Want more flowers rather than large flowers? Prune the topmost branches shorter than the bottom branches-so every branch is exposed to the light. Prune several times early in the season to promote branching. Come mid May, I stop pruning.This hydrangea on standard has a beautiful branchy structure as a result of multiple pruning sessions. Notice how the flowers are much smaller than my hydrangeas at home? Post an early spring pruning, a lighter pruning over the course of a few spring weeks results in an embarrassment of riches in smaller flowers.

In love with the giant flowers? Prune vigorously. Pruning deciduous shrubs is not just a matter of style, and it certainly is not a matter of control. Pruning promotes growth that maximizes the opportunity for good blooming. A Limelight left to its own devices will have lots of growth on the top that eventually results in leggy and leafless lower branches.

Big shrubs do and will grow big. Harder pruning may result in a finished size and height at the low end of their growth range. Severe pruning-as in pruning right down to the ground, forces growth from below ground, from what are called basal shoots. I never prune hydrangeas that hard. I like having some old wood to support all those new branches to come. Pruning is all about what the future. The Limelights bloom on new wood – the current year’s growth. If you grow hydrangeas that bloom on the previous year’s growth, prune right after they bloom. This enables them to grow and set flowers for the season to come before winter. Leave them be until after they bloom the following year. But no matter what cultivar you grow, adequate light and water will reward your effort to grow them.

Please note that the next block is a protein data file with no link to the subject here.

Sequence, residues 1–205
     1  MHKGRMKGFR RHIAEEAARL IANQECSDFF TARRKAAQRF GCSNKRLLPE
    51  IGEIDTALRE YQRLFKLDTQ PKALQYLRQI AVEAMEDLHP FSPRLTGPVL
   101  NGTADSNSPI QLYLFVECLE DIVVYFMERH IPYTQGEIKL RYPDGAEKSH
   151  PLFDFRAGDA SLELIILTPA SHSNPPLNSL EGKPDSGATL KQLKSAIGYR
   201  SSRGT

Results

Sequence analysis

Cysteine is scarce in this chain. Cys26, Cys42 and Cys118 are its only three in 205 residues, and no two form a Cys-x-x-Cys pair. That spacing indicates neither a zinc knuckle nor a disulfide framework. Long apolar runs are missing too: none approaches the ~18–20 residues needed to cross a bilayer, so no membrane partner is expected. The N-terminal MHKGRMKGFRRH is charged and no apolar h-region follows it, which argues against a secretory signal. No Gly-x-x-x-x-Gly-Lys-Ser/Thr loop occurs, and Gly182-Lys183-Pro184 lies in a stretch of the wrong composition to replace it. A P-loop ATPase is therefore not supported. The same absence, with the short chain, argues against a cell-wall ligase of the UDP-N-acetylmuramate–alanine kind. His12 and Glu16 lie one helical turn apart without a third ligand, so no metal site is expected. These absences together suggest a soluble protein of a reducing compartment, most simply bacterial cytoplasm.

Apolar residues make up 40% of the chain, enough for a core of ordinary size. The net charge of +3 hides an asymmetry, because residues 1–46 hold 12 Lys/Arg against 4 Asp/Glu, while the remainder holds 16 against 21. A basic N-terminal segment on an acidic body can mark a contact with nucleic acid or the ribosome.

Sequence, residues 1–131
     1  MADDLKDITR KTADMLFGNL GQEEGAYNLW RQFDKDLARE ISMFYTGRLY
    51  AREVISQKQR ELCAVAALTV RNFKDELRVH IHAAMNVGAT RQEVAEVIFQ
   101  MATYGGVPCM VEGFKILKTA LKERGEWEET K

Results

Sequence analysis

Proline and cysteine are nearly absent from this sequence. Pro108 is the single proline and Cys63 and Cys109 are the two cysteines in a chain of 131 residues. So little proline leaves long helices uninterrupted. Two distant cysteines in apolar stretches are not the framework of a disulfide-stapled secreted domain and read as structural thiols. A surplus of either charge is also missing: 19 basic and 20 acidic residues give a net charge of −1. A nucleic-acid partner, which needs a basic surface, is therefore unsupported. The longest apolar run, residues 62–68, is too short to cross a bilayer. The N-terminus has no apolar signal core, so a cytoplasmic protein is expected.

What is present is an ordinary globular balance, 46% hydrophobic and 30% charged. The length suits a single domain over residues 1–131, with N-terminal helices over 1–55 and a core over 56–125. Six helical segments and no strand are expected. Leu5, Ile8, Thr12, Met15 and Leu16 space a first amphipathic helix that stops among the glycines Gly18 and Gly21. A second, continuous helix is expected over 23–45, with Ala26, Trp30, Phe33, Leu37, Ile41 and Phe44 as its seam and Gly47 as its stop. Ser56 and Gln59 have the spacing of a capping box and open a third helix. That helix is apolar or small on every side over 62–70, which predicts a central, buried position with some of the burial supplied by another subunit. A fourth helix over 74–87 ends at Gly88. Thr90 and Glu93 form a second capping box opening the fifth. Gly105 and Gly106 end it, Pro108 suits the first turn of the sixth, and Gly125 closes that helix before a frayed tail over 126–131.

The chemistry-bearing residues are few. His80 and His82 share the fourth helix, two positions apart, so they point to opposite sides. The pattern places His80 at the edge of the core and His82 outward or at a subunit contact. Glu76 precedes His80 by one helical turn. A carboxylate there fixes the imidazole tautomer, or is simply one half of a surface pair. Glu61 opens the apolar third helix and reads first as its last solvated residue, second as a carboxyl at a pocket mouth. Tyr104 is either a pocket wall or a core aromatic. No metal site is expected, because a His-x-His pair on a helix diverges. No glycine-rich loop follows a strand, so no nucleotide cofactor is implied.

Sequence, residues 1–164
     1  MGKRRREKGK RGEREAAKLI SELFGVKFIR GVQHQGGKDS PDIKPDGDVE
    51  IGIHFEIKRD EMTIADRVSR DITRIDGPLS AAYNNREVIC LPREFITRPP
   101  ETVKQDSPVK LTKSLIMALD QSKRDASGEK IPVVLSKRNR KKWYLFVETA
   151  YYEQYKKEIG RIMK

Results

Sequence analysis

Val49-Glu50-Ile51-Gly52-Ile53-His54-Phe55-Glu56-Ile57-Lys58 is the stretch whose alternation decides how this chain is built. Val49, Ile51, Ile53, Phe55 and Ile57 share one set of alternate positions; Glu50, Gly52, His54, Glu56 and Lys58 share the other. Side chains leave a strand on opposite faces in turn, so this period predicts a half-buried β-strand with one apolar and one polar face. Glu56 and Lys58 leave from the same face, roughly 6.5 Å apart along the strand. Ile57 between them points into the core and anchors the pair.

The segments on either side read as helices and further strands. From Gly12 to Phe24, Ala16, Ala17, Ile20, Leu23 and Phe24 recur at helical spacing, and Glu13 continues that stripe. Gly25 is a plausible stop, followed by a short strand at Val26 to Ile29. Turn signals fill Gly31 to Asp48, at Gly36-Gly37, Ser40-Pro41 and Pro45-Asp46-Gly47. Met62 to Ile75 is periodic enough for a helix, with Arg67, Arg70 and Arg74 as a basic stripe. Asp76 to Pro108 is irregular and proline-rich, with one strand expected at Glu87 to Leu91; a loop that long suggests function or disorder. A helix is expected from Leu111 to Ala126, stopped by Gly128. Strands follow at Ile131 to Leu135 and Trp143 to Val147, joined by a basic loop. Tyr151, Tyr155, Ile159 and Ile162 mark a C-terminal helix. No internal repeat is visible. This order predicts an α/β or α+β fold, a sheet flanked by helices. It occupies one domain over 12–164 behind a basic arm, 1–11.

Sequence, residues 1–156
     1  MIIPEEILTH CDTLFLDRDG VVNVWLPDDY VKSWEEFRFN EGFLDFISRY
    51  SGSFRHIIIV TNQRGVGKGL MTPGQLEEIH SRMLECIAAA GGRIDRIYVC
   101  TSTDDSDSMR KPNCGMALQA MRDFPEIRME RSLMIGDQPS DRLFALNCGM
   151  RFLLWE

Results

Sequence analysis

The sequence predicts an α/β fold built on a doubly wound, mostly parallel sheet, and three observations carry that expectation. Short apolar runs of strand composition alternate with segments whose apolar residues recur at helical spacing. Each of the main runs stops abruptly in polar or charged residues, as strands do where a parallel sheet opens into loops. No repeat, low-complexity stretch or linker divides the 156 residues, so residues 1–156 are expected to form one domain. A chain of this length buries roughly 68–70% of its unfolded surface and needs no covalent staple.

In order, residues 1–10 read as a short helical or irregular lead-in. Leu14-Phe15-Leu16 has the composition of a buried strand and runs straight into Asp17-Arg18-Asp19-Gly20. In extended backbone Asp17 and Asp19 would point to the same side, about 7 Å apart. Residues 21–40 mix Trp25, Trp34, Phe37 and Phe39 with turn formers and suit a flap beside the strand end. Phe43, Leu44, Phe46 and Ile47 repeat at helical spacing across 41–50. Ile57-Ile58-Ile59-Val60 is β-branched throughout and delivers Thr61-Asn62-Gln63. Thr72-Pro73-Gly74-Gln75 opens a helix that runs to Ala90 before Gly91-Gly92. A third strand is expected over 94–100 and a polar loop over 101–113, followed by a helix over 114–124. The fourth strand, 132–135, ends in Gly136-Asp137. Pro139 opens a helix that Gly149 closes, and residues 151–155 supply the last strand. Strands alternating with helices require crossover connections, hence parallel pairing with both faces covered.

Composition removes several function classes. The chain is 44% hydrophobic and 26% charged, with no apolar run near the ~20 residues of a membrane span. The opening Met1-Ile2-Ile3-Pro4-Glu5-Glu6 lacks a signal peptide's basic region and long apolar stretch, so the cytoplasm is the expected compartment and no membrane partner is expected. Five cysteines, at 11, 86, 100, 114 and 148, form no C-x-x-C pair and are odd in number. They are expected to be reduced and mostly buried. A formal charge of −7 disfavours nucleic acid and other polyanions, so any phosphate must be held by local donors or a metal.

Hydrangeas are big growing shrubs with course leaves and giant flowers. This means they are eminently able to hold down a spot in the garden all on their own. But how does a gardener beautifully integrate them into a garden and landscape?  I make sure they have lots of company-both taller and shorter. My landscape can accommodate them at their full height. I have a much larger and taller hedge of arborvitae planted behind them. That dark green foliage highlights the flowers in a dramatic way.

There are several more layers of plantings in front of them. A hedge of Hicks yews whose health had been declining for years was removed. A series of planter boxes were put in their place. This years planting of nicotiana and angelonia is as loose and airy as the hydrangeas are solid and stiff. Companions to hydrangeas that have a looser habit of growth compliment them. A middle layer of loosely pruned taxus densiformis is faced down with clipped boxwood shapes. 4 layers of companionship is none too few for a shrub that grows 6-8 feet tall.

Limelight hydrangeas integrated into a garden

Limelight hydrangea hedge faced down with boxwood

Limelight hydrangeas faced down with anemone “Honorine Jobert”

hedge of Limelights as a border to a large group of mixed evergreens

These hydrangeas are pruned to keep them at a 5.5-6 foot height.

Between the large evergreens and the hydrangeas is a mass of boltonia asteroides.

Limelights and boxwood

Limelights in a garden

new planting of annabelles and limelights together

Limelights blooming top to bottom

Limelights massed in containers

My client’s containers featuring Limelights on standard are robust and showy this early part of September. We will heel them in the ground at our landscape yard late in the fall, and plant them back in these pots come spring. I do have clients who have and do winter them over in their containers.  I am not that nervy with plants that do not belong to me, but I am not surprised to hear this. Hydrangeas ask for little, and are so satisfying to grow.